Yesterday, I was eagerly waiting to see a startup's pitch as it was creating a name for itself in a niche space growing globally. It would be an understatement to say that I was looking forward to funding this startup. The pitch started well, but it got seriously derailed about 15 minutes when the founder revealed a significant pivot.
To compensate for the losses incurred during the pandemic, the founder started a B2B business that generated revenues and helped the overall business survive. It was a much-needed move that many of our portfolio companies indulged in to survive – no harm in that. However, as the primary space revived, the founder wanted to continue both business models (B2B SaaS and D2C). He found it challenging to drop a business that was generating revenues during the down months.
I realize that many founders face similar questions as they help their businesses recover from the hit taken by COVID19 2.0. Besides, it is unlike me to stop a revenue stream unless – it is diluting the unique positioning of the business. I believe early-stage founders must keep a razor-sharp focus on cementing their position in a category, especially when creating a niche category in a clearly crowded space.
B2B SaaS or consulting revenues are essential to keep yourself and your business afloat while you're bootstrapping (or struggling through lockdowns). But you should not allow those ancillary businesses to cloud your original ambition, i.e., to be the number 1 player in your category. If you must exist in 2 categories, you must be number 1 in each – not easy on an early-stage budget!
Besides, if you find that your new business model is much better than the previous one, drop the old one and put your efforts into the new one. Many founders have found themselves gasping for air as they lose balance and fall flat into deep water when they try to run 2 speedboats parallelly and at the same speed.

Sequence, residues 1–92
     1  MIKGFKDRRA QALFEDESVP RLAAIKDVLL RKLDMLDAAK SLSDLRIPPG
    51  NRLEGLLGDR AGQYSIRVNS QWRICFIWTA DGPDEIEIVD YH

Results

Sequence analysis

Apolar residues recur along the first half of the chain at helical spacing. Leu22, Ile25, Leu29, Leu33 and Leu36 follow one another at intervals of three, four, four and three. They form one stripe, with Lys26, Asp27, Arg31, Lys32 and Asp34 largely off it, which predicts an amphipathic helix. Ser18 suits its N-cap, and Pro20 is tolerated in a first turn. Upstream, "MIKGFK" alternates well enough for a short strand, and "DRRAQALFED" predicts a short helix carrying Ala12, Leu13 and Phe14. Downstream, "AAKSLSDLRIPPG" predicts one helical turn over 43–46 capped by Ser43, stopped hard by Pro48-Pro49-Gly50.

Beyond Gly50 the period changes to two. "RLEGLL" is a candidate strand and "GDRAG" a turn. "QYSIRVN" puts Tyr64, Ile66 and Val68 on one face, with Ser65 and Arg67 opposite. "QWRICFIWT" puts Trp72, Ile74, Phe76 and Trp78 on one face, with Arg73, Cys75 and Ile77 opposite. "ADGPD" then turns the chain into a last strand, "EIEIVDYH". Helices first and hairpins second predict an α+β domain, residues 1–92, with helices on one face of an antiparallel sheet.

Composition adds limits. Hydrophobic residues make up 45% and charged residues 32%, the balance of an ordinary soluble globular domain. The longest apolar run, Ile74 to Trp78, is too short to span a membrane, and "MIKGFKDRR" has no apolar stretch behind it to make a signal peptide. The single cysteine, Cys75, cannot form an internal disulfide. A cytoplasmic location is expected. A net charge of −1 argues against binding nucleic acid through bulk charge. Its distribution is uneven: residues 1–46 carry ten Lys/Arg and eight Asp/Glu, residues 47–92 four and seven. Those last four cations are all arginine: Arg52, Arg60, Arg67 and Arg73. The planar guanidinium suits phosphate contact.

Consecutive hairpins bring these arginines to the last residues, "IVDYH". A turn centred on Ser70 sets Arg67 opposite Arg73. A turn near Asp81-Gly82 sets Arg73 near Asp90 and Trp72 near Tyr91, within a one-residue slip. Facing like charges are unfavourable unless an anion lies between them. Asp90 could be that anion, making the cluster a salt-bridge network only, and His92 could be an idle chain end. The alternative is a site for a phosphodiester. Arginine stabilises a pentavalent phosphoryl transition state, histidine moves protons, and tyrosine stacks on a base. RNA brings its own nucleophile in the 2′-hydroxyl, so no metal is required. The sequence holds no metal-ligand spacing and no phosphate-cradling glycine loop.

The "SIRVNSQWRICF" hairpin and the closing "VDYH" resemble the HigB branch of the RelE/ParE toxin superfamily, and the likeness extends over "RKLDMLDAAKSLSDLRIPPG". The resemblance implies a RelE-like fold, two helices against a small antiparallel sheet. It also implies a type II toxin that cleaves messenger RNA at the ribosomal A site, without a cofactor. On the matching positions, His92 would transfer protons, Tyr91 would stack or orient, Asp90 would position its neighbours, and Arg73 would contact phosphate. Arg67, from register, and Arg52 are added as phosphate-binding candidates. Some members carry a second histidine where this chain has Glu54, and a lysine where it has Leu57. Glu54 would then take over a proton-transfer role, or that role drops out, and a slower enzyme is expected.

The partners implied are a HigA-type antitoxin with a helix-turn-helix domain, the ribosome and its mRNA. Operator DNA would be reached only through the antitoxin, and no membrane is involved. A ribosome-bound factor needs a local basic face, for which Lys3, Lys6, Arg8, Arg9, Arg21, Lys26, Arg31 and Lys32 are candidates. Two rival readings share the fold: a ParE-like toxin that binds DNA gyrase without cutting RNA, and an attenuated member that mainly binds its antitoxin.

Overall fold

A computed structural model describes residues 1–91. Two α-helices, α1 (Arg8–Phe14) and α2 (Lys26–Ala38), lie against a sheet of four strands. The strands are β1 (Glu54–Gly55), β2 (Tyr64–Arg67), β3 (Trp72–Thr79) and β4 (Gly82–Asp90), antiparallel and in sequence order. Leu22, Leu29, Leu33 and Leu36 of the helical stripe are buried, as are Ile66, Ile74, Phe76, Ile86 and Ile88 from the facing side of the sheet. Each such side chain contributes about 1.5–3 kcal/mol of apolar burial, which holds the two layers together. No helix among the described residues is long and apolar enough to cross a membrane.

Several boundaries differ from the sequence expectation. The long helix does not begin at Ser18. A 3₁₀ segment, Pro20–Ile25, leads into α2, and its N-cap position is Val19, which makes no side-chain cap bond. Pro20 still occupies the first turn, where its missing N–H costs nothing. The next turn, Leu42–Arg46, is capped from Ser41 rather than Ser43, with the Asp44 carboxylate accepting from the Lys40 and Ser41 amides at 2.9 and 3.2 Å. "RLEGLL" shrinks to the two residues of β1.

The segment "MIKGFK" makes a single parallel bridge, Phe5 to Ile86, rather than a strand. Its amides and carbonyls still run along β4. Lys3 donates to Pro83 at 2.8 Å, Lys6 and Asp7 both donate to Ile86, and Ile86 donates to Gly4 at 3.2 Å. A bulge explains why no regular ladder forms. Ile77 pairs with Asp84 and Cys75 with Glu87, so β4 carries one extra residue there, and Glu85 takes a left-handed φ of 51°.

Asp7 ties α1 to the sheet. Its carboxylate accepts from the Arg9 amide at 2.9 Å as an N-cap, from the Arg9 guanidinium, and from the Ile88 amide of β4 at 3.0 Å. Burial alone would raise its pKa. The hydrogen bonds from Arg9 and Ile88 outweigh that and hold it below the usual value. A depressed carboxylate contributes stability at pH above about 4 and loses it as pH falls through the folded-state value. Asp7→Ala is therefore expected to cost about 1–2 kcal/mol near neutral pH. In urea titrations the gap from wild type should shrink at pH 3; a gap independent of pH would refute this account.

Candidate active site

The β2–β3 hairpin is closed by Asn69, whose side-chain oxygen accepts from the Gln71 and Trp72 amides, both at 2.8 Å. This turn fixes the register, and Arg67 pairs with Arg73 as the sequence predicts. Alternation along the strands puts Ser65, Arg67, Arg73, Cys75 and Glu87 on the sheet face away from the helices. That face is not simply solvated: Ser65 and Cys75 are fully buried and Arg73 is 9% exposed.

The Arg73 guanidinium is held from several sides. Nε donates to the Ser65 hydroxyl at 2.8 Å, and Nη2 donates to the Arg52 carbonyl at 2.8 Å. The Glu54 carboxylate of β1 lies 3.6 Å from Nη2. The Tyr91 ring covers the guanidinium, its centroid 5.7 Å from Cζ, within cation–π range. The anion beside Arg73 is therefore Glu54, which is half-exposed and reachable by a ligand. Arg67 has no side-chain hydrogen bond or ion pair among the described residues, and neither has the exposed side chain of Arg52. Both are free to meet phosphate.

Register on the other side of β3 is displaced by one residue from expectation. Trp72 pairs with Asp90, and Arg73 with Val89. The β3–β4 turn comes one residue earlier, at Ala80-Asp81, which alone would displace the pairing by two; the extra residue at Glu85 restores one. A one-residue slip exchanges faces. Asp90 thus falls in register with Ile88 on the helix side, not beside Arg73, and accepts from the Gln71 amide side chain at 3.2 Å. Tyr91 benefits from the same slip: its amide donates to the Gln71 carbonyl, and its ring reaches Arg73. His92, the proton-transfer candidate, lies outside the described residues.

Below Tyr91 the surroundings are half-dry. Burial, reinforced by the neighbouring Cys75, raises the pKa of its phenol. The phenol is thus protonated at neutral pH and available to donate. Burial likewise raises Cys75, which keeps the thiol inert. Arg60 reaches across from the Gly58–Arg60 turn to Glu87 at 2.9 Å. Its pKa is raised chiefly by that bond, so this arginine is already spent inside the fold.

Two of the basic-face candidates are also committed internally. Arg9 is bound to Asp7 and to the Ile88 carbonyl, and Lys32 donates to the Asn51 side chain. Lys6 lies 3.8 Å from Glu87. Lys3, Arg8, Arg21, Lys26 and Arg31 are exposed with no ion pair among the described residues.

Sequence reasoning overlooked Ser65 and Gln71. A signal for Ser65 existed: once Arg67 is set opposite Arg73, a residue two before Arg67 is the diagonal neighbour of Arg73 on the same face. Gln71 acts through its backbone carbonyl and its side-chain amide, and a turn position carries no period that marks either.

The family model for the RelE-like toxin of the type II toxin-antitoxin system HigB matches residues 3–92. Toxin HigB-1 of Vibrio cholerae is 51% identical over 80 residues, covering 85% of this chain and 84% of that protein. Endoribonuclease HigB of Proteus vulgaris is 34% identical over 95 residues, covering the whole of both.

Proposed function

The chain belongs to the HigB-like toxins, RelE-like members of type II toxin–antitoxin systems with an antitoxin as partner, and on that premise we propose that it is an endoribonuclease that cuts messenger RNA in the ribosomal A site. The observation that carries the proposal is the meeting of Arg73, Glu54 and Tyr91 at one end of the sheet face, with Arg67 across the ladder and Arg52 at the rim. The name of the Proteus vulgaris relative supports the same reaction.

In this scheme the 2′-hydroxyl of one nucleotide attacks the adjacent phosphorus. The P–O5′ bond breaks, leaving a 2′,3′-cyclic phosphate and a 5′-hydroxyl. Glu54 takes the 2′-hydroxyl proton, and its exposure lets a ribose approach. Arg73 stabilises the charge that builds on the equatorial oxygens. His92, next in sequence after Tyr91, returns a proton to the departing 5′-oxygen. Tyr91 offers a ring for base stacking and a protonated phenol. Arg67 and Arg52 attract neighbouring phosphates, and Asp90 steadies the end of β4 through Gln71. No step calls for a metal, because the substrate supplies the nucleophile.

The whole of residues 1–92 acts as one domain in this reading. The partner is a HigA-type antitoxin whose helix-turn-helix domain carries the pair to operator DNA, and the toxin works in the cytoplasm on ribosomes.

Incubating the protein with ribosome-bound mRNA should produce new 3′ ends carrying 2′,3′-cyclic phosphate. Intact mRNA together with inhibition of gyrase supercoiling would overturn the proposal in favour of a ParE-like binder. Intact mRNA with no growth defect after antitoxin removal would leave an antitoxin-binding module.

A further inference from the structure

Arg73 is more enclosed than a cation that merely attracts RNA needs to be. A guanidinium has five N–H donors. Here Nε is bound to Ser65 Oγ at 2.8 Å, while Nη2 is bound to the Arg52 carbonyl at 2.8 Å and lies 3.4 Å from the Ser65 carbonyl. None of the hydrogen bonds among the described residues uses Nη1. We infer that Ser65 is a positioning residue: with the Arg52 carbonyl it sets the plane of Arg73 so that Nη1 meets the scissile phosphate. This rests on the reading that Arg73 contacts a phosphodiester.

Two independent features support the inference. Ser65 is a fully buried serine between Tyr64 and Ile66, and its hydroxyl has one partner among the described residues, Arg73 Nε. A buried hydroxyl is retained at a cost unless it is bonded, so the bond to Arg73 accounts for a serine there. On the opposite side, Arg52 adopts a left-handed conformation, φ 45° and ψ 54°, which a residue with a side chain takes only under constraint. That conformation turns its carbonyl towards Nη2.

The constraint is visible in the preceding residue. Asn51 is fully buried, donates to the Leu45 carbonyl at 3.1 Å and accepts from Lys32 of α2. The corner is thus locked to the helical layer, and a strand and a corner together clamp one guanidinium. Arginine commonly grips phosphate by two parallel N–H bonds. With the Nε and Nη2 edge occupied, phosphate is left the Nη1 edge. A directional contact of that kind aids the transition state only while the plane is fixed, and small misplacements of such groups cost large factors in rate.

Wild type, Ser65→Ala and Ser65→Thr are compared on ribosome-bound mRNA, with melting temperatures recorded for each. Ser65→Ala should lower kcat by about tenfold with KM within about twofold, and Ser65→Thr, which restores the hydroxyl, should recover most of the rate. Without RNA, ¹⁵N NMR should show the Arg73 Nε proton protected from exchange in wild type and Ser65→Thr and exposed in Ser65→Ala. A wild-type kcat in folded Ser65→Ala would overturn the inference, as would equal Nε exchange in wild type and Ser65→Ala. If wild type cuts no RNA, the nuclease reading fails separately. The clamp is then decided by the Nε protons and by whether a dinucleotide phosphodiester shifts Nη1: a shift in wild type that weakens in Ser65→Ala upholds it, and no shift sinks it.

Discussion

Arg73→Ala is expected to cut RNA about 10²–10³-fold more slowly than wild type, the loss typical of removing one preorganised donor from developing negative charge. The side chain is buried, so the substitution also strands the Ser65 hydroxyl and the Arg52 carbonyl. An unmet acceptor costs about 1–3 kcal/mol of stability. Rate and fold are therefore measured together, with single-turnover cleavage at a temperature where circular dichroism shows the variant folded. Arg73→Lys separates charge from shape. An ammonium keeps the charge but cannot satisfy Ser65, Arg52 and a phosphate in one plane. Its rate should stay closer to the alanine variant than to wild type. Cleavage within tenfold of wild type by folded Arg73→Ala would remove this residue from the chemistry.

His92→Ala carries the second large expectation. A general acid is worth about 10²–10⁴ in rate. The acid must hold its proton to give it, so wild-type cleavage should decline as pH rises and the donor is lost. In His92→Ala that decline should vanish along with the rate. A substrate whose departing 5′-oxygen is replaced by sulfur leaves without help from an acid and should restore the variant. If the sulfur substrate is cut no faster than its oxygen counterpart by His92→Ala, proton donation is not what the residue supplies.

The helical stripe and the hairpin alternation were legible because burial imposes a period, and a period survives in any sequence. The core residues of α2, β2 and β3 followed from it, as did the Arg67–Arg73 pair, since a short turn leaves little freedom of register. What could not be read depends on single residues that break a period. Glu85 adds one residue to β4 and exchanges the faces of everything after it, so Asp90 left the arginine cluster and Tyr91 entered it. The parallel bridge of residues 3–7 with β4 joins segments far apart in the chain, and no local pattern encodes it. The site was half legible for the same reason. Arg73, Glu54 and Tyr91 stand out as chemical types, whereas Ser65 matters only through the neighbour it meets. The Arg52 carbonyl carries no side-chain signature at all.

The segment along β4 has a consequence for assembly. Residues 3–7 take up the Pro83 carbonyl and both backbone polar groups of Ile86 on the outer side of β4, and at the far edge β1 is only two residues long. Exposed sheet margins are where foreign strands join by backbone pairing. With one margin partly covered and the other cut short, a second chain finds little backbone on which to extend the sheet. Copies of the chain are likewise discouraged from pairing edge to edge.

Therefore when you are pitching, pitch 1 business model, the new or the old. Trying to marry 2 different businesses as 1 may make sense to you theoretically. But practically, it requires a massive suite of managers – something (once again) an early-stage venture could rarely afford.
It is fate that my guest on DamaniTalks tonight will answer this precise question.
Kailash Katkar started his journey of building a cybersecurity company as a school dropout. First, he learned how to repair calculators and radios, eventually graduating (on-the-job) to repairing computers in 1993.
He learned about the software issues his clients faced with viruses. This was a time when more than 98% of computers in India ran pirated Windows OS for the unaware. So he decided to make a significant pivot from repairing computers to protecting them from viruses with his anti-virus software.
But in true Hernan Cortez style, Kailash shut down the hardware business to ensure that he had no option but to succeed in the software business that he correctly predicted would be the future of technology. He went through many teething issues with his pivot, but with no option to retreat, he built a software licensing business in a market where 91% of computers get loaded with pirated software.
Today at 9 pm, he shares in the 28-year journey as an Indian entrepreneur that raised capital from the likes of Sequoia and (eventually) from the public markets!
Join us live right here at 9 pm today: